by Aditi Mittal
I have a charming habit of being late for every flight I take. This leads to charming things such as my father tearing his hair out trying to push me out the door (he’s bald now-a testament to my talents) in the hope I reach the airport on time. I manage to get my suitcase (which will OBVIOUSLY be over the weight limit permissible) down the stairs while stuffing that last shirt that I have to carry with me for this 10 day trip.
So while I sit in traffic and pray that I somehow make it to the airport in time to be lovingly molested at security check, it is not strange that I realize, I hate travelling.
These days it is difficult to admit that you don’t like to travel. People look down at you like you’re a pathetic human being with no desire to grow and become a butterfly or whatever animal we are all analogically aspiring to these days.
There is much romance in it, that one cannot deny. The trillion-plus-dollar travel industry is proof of that. Somehow people love the idea of placing 10 days of clothing into a bulky suitcase, tripping on escalators and being spoken to like you have the IQ of a 4 year old (which may or may not be true) by air hostesses. All this is supposed to somehow make you stronger and wiser.
The pain of travelling is not confined to reaching the destination. Once I’m there, I’m ok. I’ll wake up 4 in the morning to bike ride up a mountain or go see temples no problem. But even then, at the back of my mind I know that in 10 days I’ll have to do the same thing in order to get back home. As I have demonstrated, I am not a savvy packer. Nor am I savvy lugger of suitcases, nor savvy jet lag getter over.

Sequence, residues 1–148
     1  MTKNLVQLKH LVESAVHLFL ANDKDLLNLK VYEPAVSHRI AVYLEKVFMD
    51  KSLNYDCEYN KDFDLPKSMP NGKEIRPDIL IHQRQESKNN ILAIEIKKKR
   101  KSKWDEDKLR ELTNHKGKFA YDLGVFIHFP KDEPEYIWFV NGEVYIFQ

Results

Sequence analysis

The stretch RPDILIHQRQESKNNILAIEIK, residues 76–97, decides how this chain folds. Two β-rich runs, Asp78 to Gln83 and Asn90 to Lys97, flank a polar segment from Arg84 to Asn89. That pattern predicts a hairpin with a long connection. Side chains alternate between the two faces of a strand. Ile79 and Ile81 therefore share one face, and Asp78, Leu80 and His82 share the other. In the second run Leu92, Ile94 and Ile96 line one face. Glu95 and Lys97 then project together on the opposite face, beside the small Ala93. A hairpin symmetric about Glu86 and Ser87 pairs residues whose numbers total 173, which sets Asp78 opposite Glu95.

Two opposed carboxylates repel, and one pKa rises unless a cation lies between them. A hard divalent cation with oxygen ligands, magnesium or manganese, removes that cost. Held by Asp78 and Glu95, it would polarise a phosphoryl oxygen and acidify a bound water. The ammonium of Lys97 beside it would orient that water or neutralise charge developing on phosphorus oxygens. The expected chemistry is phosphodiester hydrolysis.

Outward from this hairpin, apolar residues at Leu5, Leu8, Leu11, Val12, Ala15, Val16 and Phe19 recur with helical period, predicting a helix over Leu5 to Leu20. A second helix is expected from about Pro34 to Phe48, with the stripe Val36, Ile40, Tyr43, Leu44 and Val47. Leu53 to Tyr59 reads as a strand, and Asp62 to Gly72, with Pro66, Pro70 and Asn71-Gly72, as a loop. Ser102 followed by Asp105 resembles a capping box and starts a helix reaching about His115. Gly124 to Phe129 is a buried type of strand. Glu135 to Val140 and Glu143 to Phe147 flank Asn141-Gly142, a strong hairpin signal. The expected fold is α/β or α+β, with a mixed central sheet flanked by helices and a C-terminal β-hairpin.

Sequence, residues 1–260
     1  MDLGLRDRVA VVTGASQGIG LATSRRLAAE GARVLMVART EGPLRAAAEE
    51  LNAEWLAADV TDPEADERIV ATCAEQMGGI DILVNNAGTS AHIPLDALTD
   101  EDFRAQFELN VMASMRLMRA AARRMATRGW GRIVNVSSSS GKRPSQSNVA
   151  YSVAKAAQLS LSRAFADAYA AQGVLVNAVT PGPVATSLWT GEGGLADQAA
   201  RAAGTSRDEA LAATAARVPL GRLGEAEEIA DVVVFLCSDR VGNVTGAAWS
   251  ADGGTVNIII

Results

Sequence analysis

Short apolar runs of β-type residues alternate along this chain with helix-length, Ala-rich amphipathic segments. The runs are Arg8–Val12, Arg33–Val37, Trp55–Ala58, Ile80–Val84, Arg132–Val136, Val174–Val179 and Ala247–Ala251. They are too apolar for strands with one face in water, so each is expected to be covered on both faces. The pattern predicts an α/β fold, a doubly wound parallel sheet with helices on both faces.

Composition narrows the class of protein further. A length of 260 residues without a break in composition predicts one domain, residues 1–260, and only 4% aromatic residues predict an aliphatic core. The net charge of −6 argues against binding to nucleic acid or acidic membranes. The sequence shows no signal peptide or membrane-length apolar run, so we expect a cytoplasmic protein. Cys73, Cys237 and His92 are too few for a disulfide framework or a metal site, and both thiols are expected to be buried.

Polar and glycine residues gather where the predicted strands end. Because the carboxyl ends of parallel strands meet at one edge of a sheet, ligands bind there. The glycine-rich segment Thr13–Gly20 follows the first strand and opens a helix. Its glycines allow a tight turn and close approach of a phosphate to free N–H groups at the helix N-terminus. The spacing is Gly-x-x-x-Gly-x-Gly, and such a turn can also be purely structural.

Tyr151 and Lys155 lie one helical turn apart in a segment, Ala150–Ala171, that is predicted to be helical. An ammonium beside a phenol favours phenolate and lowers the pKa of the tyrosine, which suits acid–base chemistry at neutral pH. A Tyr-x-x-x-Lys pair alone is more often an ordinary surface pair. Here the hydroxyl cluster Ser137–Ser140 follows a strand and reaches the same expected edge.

Walking through an airplane, past the business class who are going to stretch out in the next 10 minutes and be hand fed oysters while they bathe in wine, is depressing. Especially when you get to your seat and realize you’ve worn bigger band aids on the wounds of your knees in 7th Std than the space in which you are going to spend the next 12 hours.
Sharing oxygen and gaseous body emissions with 400 other people for that duration of time is not the most appealing idea either. Not to mention my other charming characteristic, motion sickness. I am very good at vomiting violently if I go a longer distance than from my fridge to my bed. This means situations like being faced with a long line of disgruntled people who see me emerge, wiping my mouth after having spent 20 minutes in the airplane toilet. Awkward.
Maybe it has to be with the fact that I like being at home. I like sitting in the chair that has a dent in the shape of my bum already imprinted on it. I like knowing what’s in the fridge, knowing the number of the neighborhood baniya by heart so that I can dial it when the milk or bread runs out. I adore the luxury of wearing whatever I want whenever I want because it’s right there in my cupboard, of having the variety of my father’s ceiling to floor bookshelf to browse through when I want to pick up a book.
For me, true romance lies in a commute into Andheri East, the famous armpit of Mumbai, secure in the knowledge that I’m never more than four hours away from the aforementioned dent in my chair. The world might be an oyster, but in order to become a pearl you have to stick in one place with other grains of sand. That is when I feel, sometimes, I can truly shine.
Aditi Mittal is a stand up comedian. She's currently touring America, which might explain this bout of nostalgia for Andheri East. If you follow her on Twitter, @awryaditi, then you'll know she's also having one helluva party out there.
Updated Date: Jun 04, 2013 11:46:36 IST